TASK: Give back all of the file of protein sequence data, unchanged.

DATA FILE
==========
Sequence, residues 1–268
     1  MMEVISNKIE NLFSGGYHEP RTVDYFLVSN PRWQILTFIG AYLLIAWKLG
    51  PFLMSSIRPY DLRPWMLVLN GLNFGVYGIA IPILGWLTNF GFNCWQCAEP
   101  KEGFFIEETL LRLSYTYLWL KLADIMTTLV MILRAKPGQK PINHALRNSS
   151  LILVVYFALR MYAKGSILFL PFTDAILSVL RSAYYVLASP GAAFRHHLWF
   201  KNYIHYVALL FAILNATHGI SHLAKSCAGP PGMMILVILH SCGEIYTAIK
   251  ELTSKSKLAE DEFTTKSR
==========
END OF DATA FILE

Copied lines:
Sequence, residues 1–268
     1  MMEVISNKIE NLFSGGYHEP RTVDYFLVSN PRWQILTFIG AYLLIAWKLG
    51  PFLMSSIRPY DLRPWMLVLN GLNFGVYGIA IPILGWLTNF GFNCWQCAEP
   101  KEGFFIEETL LRLSYTYLWL KLADIMTTLV MILRAKPGQK PINHALRNSS
   151  LILVVYFALR MYAKGSILFL PFTDAILSVL RSAYYVLASP GAAFRHHLWF
   201  KNYIHYVALL FAILNATHGI SHLAKSCAGP PGMMILVILH SCGEIYTAIK
   251  ELTSKSKLAE DEFTTKSR